Talk about schadenfreude. Seemingly every car blog in the world, and every local paper in NYC, has picked up the story of a Lamborghini crash last weekend in Brooklyn. The notable part of the crash: The $400,000 Aventador hits a tree and splits in half.
Luckily there were no fatalities in the crash, which occurred Saturday in the Mill Basin neighborhood of Brooklyn. But the part that we can't get over is that every single news organization is reporting, with no attribution whatsoever, that the Lamborghini is specifically designed to split in half in the event of a crash. Uh...what?
CBS reported that "the Lamborghini severing in half...is a safety feature meant to help protect people inside the car. That safety feature may be the reason the driver was able to walk away from the crash." The Daily News claimed that "The [crash] shows exactly what manufacturers of the $400,000 ride had in mind by designing it to break apart easily on impact, a safety feature that lessens the energy involved in the wreck."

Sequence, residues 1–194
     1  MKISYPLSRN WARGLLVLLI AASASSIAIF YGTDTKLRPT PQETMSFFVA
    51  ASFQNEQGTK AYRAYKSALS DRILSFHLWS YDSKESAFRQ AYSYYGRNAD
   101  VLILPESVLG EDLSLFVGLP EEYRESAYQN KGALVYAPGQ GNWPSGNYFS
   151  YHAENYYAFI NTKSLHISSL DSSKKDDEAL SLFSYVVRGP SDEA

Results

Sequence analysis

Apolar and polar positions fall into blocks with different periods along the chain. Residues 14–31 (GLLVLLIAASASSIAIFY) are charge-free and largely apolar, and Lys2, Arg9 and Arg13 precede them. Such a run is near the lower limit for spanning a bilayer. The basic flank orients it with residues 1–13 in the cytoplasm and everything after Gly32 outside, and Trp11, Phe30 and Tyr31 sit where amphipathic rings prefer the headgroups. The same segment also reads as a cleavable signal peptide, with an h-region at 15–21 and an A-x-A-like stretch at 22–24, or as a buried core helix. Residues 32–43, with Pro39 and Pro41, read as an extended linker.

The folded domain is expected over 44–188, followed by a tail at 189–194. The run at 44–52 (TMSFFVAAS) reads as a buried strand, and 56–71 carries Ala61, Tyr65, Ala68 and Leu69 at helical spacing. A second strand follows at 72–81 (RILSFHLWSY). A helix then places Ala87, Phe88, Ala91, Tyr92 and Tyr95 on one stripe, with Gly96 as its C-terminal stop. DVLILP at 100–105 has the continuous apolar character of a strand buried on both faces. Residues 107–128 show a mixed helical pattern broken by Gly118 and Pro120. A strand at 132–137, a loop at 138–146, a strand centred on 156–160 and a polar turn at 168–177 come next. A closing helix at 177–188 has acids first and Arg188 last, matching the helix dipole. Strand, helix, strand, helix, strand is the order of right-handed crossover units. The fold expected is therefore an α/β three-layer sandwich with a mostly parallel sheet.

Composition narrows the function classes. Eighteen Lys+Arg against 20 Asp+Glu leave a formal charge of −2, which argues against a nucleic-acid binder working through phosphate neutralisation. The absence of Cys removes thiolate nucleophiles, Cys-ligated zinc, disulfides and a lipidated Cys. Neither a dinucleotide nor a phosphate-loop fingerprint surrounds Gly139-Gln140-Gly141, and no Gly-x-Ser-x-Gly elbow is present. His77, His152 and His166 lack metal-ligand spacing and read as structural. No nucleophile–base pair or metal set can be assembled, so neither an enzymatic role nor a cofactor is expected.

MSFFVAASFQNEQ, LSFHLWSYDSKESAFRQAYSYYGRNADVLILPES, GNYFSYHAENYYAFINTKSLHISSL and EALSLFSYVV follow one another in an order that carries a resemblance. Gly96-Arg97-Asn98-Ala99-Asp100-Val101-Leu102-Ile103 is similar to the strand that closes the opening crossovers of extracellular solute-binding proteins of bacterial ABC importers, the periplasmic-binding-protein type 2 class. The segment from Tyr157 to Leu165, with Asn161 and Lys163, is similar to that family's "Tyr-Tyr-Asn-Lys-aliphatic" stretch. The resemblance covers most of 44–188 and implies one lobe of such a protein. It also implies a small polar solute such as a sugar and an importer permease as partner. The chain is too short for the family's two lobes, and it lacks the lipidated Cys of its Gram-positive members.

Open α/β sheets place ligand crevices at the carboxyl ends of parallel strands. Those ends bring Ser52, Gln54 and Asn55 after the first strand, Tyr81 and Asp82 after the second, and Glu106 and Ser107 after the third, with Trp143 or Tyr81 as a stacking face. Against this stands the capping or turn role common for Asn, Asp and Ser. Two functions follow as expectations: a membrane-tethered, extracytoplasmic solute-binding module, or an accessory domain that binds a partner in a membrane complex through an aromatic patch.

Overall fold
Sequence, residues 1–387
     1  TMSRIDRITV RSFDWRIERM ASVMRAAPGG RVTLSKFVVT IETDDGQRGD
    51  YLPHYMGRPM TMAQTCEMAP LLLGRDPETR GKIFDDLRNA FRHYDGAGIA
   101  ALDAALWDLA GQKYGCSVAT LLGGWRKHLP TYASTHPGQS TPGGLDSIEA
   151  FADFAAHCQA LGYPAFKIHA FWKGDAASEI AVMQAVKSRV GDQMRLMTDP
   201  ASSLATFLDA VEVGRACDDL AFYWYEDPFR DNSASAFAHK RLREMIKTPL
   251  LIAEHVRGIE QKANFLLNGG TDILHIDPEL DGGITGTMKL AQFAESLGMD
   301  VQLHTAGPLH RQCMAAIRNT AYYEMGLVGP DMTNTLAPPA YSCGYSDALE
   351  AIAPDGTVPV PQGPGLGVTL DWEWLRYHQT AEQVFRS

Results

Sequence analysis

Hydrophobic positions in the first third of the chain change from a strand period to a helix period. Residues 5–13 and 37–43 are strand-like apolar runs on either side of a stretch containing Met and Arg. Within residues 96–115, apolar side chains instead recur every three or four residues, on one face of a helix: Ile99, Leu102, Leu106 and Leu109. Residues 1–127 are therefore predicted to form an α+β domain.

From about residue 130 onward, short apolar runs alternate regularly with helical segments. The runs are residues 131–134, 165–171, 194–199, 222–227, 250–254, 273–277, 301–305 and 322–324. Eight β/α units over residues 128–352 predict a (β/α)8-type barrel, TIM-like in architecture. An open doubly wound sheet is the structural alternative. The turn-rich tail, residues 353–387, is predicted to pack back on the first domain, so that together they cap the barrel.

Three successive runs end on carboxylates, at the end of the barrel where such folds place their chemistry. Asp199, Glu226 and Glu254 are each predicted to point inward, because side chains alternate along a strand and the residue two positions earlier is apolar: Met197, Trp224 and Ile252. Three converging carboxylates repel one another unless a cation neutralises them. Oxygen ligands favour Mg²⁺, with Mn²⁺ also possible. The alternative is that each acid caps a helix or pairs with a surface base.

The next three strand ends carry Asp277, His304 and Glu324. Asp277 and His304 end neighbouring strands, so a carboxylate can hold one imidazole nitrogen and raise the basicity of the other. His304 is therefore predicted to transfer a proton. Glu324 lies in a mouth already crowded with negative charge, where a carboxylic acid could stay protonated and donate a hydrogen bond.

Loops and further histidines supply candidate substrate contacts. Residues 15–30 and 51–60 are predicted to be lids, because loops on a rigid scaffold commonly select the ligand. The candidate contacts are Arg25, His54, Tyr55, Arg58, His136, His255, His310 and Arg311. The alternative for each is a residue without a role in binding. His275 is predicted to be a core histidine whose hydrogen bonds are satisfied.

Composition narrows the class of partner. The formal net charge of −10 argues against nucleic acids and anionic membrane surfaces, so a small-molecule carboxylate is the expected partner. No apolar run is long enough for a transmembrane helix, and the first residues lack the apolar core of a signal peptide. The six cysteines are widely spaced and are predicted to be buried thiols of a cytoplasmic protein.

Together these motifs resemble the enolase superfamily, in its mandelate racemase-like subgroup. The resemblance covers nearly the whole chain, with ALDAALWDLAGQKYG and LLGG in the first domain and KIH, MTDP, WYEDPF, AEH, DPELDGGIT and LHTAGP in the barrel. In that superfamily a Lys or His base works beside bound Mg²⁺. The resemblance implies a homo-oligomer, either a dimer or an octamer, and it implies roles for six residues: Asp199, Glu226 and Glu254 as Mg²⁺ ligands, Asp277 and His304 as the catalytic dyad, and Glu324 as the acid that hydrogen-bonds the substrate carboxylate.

We're not sure this description is entirely accurate. Perusing websites that rate auto safety features, not a single one of them that lists the Aventador mentions there's a break-in-half design.
Here's what we do know: Although Lamborghini does not participate in factory-sponsored racing to the extent of their competitors, they're not above learning a thing or two from F1; thus the Aventador is designed around a carbon fiber monocoque, like an open-wheel car, encasing the driver in a strong but lightweight cage. Here's what it looks like:
It's simple physics that a chain is only as strong as its weakest link. When this understanding is transposed onto a car, we can see it means that the weakest parts will break first; we saw the wheel come off of an F1 car here, presumably because the suspension struts are weaker than the monocoque, allowing the energy from the impact to shatter them.
What that means to us is that the Aventador's monocoque is simply the most rigid part of the car, and that the strength differential between the monocoque and the rest of the car means the rest of the car is likely to experience catastrophic structural failure before the monocoque. But the thought that Lamborghini designed one half of the car to go careening off into space, and possibly doing damage to cars or people well outside of the crash zone, sounds completely absurd to us.
Any of you car nuts have hard evidence that the car was, in fact, designed to split in half? We're happy to be proven wrong to further everyone's understanding of car design safety features.